For about two decades, historical research has portrayed the Cold War as a truly global conflict. By examining smaller and seemingly marginal actors, scholars have uncovered a complex web of relationships complicating the binary confrontation between the Eastern and Western blocs. Ariane Knüsel’s monograph "China’s European Headquarters" fits neatly into this pattern, as it examines an under-researched aspect of the Cold War: the relationship between Switzerland and China. The Swiss case is indeed peculiar and therefore relevant. As a capitalist democracy, the country was closely aligned with the Western, US-led bloc. On the other hand, the concept of neutrality is so deeply ingrained in Swiss political culture that the government in Bern kept its distance from the Western alliance during the Cold War. It was this anomaly that enabled China to turn Switzerland into a diplomatic hub not only for Western Europe, but for significant parts of the globe. The rise and fall of this hub are the focus of Knüsel’s study.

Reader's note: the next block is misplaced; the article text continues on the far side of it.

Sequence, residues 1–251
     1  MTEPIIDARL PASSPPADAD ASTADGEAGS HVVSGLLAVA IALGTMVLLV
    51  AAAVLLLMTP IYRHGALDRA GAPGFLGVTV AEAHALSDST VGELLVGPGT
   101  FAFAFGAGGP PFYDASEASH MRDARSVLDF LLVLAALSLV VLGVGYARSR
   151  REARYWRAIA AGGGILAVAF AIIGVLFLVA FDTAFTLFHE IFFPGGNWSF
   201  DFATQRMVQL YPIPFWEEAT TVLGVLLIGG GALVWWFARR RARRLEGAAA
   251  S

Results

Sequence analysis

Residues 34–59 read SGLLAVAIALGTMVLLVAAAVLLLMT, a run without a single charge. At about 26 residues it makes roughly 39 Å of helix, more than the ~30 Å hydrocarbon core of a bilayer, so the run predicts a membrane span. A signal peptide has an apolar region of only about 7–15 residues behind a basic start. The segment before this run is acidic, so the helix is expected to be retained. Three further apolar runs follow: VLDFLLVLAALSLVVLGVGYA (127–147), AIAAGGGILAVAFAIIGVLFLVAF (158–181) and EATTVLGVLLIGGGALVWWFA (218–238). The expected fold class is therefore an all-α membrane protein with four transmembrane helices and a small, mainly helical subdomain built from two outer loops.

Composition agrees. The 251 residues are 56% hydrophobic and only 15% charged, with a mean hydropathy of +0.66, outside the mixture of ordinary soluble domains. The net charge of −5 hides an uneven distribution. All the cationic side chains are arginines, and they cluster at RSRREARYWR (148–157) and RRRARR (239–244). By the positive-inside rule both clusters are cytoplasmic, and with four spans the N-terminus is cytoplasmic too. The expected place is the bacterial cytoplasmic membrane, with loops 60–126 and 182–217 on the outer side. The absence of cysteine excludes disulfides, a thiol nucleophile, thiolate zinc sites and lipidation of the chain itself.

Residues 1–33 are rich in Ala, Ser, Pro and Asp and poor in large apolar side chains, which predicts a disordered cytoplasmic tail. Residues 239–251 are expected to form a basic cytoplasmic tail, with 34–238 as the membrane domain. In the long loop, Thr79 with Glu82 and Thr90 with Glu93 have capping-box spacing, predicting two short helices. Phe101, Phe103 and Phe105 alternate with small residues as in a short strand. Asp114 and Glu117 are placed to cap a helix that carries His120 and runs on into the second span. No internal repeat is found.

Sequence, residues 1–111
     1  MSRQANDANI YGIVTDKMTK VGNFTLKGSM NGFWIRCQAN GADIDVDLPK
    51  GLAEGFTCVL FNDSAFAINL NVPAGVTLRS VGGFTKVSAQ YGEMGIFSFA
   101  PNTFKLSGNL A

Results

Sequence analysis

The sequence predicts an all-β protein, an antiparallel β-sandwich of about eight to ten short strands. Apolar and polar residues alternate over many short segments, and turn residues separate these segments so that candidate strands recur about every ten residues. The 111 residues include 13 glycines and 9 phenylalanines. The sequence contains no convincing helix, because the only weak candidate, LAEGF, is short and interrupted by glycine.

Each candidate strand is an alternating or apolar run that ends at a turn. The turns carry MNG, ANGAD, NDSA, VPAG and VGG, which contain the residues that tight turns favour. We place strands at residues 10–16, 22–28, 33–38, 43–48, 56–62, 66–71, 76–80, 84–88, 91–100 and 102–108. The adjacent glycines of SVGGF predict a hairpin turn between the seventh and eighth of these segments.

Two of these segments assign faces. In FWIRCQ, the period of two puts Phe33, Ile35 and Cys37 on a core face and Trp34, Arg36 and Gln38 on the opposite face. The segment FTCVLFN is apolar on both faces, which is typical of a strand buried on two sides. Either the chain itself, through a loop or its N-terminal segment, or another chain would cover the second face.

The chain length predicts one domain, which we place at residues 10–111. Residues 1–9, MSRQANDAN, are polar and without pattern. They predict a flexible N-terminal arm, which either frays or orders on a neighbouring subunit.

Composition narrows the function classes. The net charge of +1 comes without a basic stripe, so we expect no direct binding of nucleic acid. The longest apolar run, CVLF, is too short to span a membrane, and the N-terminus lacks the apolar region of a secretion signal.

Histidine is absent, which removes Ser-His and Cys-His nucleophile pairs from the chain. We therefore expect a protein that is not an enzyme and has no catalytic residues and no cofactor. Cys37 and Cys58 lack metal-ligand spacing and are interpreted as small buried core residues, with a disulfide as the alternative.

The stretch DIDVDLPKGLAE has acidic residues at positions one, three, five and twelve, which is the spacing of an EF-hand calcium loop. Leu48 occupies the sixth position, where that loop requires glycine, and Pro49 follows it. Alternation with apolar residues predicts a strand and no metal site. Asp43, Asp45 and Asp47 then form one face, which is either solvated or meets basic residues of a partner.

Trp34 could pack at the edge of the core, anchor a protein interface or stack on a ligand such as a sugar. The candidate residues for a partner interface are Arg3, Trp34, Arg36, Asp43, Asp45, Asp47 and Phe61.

Of the four chapters into which the book is organised, the first three follow a broad chronological outline from 1949 to the late 1970s. Chapter 1 traces the evolution of the Sino-Swiss relationship in the early to mid-1950s. Switzerland was not only one of the first Western countries to recognise the People’s Republic of China (PRC) in 1950 but also one of the first to be allowed to open a mission in Beijing, and it always conducted its diplomatic relations with China at the ambassadorial level. The Swiss did not join the COCOM and CHINCOM embargos outlawing the export of specified goods to the Eastern bloc and China respectively, although a gentleman’s agreement with the USA established quotas for the export of COCOM goods. Considering these and other concessions the government in Bern made to Washington, the PRC rightly mistrusted the self-proclaimed Swiss role as neutral mediator. The second chapter examines the period of the Great Leap Forward and the Sino-Soviet split. The third chapter covers two very distinct periods: during the early Cultural Revolution in the late 1960s, Chinese diplomats were under much pressure and the embassy in Bern pursued a harder rhetorical stance than the PRC’s Foreign Ministry. On the other hand, the Swiss embassy staff in Beijing experienced the protests of the Red Guards as traumatic. Nonetheless, Bern pursued a conciliatory approach, which was more successful than the more confrontational stance taken by other Western states. In the 1970s, many countries across the world, including most Western democracies, established or upgraded their diplomatic relations with China, and Switzerland accordingly lost its special role as a place from which China maintained its relations with the world at large.